Fees Committee endangers GAPSA

Graduate students cannot allow a fees snafu to end their government.

by Kristi Kremers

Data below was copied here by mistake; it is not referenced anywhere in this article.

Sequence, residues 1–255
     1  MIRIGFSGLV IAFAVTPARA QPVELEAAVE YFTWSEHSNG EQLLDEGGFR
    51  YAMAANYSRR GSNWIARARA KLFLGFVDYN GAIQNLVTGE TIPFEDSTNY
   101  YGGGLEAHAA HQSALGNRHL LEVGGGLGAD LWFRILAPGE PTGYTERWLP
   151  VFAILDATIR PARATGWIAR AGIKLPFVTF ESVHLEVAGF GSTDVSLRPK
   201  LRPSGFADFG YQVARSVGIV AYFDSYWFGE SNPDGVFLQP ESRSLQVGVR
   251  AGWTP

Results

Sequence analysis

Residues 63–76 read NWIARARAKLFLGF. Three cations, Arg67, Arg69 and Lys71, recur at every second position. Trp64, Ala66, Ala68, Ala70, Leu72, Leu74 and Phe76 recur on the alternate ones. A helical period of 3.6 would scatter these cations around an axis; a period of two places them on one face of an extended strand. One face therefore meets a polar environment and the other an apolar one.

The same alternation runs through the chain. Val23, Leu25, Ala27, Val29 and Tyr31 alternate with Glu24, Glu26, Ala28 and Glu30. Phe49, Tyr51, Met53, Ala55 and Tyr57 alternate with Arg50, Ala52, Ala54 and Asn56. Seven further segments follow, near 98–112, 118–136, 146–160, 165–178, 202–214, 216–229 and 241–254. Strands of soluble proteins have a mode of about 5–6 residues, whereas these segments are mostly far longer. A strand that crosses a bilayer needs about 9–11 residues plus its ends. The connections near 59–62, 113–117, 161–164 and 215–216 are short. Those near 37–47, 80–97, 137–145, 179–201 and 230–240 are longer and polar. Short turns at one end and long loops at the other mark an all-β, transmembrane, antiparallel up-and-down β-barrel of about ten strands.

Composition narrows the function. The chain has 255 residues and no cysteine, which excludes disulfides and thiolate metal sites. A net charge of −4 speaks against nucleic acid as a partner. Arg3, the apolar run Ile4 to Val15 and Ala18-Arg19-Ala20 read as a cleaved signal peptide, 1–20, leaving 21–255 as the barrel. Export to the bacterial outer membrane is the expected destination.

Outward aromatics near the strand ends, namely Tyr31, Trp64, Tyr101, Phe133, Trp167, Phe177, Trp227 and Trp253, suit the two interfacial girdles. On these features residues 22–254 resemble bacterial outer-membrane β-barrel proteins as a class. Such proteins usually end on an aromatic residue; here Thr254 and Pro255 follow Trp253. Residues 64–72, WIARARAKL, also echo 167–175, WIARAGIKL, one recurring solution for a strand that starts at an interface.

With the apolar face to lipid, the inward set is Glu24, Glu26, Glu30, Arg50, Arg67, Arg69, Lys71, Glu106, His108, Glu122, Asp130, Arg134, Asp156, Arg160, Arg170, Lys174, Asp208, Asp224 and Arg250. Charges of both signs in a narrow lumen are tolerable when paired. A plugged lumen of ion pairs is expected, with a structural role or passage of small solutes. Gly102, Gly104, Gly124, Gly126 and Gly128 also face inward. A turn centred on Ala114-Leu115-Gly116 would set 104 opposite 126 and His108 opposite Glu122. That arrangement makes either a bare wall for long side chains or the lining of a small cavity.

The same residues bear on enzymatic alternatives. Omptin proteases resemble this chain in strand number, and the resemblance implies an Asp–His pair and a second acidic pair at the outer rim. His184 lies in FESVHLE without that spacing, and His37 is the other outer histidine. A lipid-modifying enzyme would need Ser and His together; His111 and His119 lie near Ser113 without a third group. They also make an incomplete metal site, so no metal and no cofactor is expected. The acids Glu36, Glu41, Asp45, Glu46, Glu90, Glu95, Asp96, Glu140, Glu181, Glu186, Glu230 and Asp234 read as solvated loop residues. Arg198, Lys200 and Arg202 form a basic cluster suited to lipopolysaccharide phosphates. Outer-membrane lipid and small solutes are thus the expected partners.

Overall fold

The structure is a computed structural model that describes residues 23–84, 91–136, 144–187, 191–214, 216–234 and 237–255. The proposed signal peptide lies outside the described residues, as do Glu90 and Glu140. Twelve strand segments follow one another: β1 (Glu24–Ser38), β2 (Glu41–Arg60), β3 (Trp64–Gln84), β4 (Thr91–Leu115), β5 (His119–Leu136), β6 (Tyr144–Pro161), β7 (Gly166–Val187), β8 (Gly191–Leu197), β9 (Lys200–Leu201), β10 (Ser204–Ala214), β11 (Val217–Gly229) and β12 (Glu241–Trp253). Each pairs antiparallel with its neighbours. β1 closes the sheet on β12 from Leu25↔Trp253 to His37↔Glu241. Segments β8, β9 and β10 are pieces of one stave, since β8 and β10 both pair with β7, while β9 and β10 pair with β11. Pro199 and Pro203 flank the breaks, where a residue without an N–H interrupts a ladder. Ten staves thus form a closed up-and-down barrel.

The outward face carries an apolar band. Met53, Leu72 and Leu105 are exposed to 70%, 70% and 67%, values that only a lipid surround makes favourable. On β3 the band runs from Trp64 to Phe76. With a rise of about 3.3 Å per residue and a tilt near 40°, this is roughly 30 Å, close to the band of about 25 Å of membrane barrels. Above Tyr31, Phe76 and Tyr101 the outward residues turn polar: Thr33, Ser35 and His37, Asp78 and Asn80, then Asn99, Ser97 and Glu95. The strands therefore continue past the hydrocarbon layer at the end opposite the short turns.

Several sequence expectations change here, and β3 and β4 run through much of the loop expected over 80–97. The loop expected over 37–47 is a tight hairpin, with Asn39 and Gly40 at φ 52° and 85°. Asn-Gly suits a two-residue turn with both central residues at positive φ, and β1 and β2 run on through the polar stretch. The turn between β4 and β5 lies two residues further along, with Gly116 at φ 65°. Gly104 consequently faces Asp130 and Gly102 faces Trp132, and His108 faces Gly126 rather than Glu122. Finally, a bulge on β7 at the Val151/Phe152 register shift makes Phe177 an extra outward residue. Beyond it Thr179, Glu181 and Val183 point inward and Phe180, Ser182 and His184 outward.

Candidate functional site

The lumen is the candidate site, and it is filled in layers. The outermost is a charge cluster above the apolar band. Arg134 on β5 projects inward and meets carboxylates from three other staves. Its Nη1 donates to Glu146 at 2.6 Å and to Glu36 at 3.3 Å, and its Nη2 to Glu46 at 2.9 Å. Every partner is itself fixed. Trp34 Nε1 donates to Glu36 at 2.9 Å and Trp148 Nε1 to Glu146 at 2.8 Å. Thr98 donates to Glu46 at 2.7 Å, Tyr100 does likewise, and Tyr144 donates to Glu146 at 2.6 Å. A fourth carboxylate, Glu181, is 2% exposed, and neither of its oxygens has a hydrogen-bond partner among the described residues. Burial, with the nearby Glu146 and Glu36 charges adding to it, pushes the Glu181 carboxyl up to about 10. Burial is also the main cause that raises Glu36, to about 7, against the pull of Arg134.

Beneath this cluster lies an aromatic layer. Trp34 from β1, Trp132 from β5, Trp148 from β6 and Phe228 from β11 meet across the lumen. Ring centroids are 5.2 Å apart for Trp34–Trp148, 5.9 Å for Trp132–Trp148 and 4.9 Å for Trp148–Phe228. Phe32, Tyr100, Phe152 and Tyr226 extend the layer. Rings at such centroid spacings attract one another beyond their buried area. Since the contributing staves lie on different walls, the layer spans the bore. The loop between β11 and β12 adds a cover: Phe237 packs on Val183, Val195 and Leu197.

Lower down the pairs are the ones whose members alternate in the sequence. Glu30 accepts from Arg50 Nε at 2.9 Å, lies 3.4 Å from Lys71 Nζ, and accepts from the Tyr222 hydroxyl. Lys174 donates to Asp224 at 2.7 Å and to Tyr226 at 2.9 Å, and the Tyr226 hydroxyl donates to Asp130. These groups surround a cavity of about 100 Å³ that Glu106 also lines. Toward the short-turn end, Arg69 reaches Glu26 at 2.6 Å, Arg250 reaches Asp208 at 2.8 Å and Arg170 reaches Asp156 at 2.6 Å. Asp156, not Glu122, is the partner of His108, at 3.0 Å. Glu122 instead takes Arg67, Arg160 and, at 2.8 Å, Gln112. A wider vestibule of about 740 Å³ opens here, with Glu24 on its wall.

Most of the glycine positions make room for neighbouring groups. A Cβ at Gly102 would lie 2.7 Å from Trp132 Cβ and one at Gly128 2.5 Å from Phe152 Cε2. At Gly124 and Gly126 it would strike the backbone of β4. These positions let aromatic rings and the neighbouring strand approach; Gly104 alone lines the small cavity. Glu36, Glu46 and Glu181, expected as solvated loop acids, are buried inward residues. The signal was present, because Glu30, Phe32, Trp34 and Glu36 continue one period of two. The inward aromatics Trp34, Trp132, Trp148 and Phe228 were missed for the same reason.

Imagine the University of Minnesota without a graduate and professional student system of governance. There would be no travel grants for over 300 students, no socials, no money for 10 graduate and professional school councils, no funding for over 100 student organizations and groups, no student representation at orientations, no say in tuition and budget issues, no positive changes in legislation and policy and no graduate school. And most importantly, no official graduate and professional student voice on campus. This is precisely the decision the Fees Committee has unilaterally made in not hearing the Graduate and Professional Student Association (GAPSA) fees request submitted one business day after the deadline. The Fees Committee is unwilling to hear the extenuating circumstances that led to our late submission, and the decision will have a grave impact on the 25,000 graduate and professional students at the University of Minnesota. GAPSA is not just a student organization; it is a funding superstructure for our 10-member councils and numerous student organizations. GAPSA has an excellent track record in its 20-year history, it is the only student organization to undergo an external audit process by its own volition and it was recognized this fall as the âÄúOrganization of the YearâÄù by the National Association of Graduate and Professional Students for our programs, services and advocacy. It is unimaginable to have the University campus without a strong student government. In his letter to The Minnesota Daily yesterday, Fees Committee Chairman Paul Freeman outlined the rationale of the decision based upon a misinterpretation of the principle of viewpoint neutrality. Viewpoint neutrality does not dismiss the Fees Committee from its responsibility to the student body to examine and take into account the impact a student organization has on the student body. In fact, this is the primary guiding principles for examining fees requests. This interpretation of viewpoint neutrality collapses the judgment of the Fees Committee down to a merely mechanistic: âÄúDid they follow the rules?âÄù The definition of viewpoint neutrality needs to be accurately attended to. Moreover, telling students to direct their anger at GAPSA is futile. Ultimately, the Fees Committee is the decision-maker and should carefully use this power to do what is best for the student body and the University community at large. One of the guiding principles of the Student Services Fees Committee is to see that âÄúfee-supported programs, activities and services [shall] be provided to all students assessed the fee.âÄù Hence, students assessed the GAPSA Fee should receive services targeted to Graduate and Professional students. Student Fees Committee decision-making guidelines focus on funding organizations due to the impact they have on the University community by providing a service, supplementing the academic curriculum and helping to foster a sense of community on campus. These guidelines go on to discuss the quality and quantity of programs and services. GAPSA is the only organization that has the capacity to provide the breadth of services to Graduate and Professional students across academic departments or units. When we were initially informed that all late applications would be outright denied without examining their merits, we were assured that we would have the opportunity to appeal. However, there is no formal appeals process for our concerns. It is startling that no such procedure is outlined in the handbook and each year it is at the discretion of the Fees Committee Chair on how a conflict/appeal is handled. Furthermore, the nonbinding resolutions that should guide the Fees Committee are outdated with the most relevant resolution to GAPSAâÄôs concern outlining the âÄúHandling of Late Fees Requests.âÄù The policy references a nonexistent office, the Campus Involvement Center, which is charged with handling cases such as ours. This is just one example of numerous out-of-date guidelines and procedures. A human error has occurred, but in the absence of up-to-date policies and procedures, a formal appeals process and a commitment to the core values which are outlined in their own documents, the Fees Committee is endangering the quality of student life on our campuses. Kristi Kremers GAPSA president University graduate student